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Organisations that can help you make a complaint about adult social care services

This advice applies to England

Adult social care is usually very good, but occasionally things can go wrong. This page tells you about organisations that can help you sort out a problem with adult social care.

Organisations that can help with general complaints about adult care services

Local Healthwatch

Local Healthwatch is the ‘consumer champion’ for adult care services. In some areas, local Healthwatch organisations will just be able to give general advice and support about complaints. In other areas, they will be able to act as an advocate when you have a formal complaint. Your local Healthwatch will provide information about what support they can give you and often ask for general feedback on the care services you have used. It can be helpful to send them your views, even if you have nothing to complain about and want to report good services.

Local Healthwatch organisations have the power to request information from care providers, who have a legal duty to reply in writing to reports and recommendations made by local Healthwatch within 20 days. In more complex cases, this time limit is 30 days. Information obtained in this way could help you make a complaint about adult social care although local Heathwatch don’t investigate individual complaints.

Local Healthwatch organisations also have the power to enter and inspect premises, to observe how activities are carried on there. Some premises are excluded. For example, Local Healthwatch organisations don’t have the right to enter and inspect premises if this would get in the way of providing services or would affect the privacy and dignity of anyone there. If you have serious concerns about care services, contact your local Healthwatch who may, in some cases, carry out a visit, but they don’t investigate individual complaints.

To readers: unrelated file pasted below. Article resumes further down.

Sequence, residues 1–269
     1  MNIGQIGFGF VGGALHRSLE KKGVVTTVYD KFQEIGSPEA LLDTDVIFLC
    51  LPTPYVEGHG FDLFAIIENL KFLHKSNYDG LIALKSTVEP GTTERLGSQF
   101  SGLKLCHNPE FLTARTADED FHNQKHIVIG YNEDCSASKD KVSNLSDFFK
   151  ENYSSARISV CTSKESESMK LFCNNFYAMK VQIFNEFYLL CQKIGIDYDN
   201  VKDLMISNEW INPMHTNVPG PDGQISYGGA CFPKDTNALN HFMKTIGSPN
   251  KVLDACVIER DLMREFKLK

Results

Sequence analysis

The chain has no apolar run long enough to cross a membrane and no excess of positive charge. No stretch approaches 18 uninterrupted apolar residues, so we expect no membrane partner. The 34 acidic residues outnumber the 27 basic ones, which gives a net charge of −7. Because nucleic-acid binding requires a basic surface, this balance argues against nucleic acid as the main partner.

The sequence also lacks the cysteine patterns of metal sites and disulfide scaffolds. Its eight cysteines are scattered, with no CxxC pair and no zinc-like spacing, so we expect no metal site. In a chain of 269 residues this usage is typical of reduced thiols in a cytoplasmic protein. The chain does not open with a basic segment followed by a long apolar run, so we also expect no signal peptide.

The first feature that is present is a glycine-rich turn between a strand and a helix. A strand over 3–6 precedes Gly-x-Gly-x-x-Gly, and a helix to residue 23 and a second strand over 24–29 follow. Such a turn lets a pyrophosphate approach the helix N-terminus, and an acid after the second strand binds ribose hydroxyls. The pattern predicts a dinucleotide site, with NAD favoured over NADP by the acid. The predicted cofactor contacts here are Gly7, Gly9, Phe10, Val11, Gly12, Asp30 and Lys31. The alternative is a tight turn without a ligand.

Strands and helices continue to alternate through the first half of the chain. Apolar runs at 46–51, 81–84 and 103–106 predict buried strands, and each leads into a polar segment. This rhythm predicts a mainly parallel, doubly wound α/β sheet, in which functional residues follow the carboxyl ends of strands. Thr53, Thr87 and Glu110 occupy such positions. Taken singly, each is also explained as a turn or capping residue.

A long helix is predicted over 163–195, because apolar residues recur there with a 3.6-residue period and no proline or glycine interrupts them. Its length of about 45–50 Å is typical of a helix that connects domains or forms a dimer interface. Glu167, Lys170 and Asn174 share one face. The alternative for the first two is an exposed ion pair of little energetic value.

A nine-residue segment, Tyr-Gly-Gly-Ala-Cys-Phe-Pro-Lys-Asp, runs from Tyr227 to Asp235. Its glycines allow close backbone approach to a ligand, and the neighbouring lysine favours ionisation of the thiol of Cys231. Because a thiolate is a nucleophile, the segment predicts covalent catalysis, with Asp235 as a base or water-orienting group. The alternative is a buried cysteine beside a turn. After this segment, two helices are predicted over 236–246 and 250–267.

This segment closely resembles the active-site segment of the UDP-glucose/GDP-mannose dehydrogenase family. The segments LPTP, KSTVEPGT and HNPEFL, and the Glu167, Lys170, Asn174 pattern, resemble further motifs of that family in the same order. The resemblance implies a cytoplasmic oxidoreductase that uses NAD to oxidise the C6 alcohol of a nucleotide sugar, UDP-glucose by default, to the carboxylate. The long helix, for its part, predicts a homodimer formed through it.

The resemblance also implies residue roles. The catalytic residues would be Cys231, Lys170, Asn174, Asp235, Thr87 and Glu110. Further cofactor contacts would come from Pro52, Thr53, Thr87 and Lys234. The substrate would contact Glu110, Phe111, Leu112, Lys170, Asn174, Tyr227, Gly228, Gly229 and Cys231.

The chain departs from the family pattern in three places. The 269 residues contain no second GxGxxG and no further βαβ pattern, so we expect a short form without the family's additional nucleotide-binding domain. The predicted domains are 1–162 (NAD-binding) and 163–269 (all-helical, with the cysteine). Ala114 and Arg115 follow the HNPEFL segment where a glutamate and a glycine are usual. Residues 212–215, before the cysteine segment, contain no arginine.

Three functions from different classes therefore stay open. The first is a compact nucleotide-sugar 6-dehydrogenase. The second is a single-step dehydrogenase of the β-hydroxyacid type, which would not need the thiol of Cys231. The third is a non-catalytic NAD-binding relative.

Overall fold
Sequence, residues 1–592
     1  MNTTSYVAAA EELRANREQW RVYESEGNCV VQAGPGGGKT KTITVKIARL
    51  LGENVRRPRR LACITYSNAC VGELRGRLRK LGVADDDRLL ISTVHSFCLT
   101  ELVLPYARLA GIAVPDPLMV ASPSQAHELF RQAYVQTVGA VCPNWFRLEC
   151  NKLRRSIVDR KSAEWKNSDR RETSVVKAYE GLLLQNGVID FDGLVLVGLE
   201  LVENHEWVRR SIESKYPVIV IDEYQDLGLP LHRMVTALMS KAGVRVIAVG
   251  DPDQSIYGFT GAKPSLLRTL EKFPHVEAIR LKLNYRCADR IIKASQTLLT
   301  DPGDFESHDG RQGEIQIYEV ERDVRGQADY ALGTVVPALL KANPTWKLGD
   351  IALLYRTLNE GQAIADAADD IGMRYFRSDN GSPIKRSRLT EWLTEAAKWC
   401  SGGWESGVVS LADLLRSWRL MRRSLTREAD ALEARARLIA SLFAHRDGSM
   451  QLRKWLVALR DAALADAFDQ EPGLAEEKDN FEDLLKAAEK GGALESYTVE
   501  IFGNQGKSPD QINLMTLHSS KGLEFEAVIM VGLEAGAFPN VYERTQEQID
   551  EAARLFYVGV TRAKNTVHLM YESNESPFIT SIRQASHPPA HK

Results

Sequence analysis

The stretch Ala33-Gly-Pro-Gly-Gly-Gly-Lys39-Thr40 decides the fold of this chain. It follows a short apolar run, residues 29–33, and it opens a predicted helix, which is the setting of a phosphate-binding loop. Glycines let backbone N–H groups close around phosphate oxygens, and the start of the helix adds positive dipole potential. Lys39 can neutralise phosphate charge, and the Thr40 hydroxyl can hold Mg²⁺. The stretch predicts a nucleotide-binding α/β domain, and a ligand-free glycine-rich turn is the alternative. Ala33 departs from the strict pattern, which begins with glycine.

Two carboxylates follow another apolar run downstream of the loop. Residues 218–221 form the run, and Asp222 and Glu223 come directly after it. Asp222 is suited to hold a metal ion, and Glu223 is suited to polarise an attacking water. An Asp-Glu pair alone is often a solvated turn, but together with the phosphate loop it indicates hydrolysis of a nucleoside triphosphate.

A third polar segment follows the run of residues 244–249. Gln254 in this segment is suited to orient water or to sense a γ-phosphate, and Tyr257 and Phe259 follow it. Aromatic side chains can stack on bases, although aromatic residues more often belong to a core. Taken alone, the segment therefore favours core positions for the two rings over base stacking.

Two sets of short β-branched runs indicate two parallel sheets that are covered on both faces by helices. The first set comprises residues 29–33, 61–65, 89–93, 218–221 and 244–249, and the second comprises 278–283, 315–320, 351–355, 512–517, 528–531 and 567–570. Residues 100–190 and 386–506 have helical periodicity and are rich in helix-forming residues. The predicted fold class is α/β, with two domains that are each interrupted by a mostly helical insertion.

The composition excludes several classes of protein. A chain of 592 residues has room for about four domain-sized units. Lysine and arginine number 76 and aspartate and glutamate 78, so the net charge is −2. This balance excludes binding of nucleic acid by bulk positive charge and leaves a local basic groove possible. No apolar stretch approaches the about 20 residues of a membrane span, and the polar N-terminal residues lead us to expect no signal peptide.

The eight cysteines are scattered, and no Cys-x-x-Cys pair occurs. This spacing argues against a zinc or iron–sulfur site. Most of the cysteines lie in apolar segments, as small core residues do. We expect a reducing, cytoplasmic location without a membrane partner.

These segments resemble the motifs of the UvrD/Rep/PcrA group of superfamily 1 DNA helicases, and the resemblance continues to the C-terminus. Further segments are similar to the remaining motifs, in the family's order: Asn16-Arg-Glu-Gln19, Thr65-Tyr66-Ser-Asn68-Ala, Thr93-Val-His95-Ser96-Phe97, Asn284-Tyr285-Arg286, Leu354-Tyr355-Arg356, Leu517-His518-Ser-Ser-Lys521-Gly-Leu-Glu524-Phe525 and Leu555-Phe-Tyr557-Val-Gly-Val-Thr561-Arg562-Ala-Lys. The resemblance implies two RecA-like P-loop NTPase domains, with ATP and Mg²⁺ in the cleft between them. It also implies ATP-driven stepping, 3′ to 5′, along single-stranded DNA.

Independent advocates

You may find it useful to have an independent advocate to put your case, for example, if you have a severe learning disability or a mental health problem. Ask your local Healthwatch for contact details of local independent advocates.

Also your local authority has a legal duty to make sure that people who want to make complaints get practical help to understand the complaints procedure, or advice about where they can get this help. So you can contact your local authority if you want the help of an advocate to make your complaint and they may be able to help you or tell you where to get more help.

Organisations that can help with complaints about care services for older or vulnerable people

Age UK

Age UK produce useful information and can give advice about adult social care options and complaints. Their website is: www.ageuk.org.uk/about-us/. They also have a helpline on: 0800 169 6565.

Elder abuse

Action on elder abuse is an organisation that can help if an older person is being abused in a care setting. This could include neglect or physical abuse. Their website is: www.elderabuse.org.uk and they have a confidential freephone helpline: 080 8808 8141.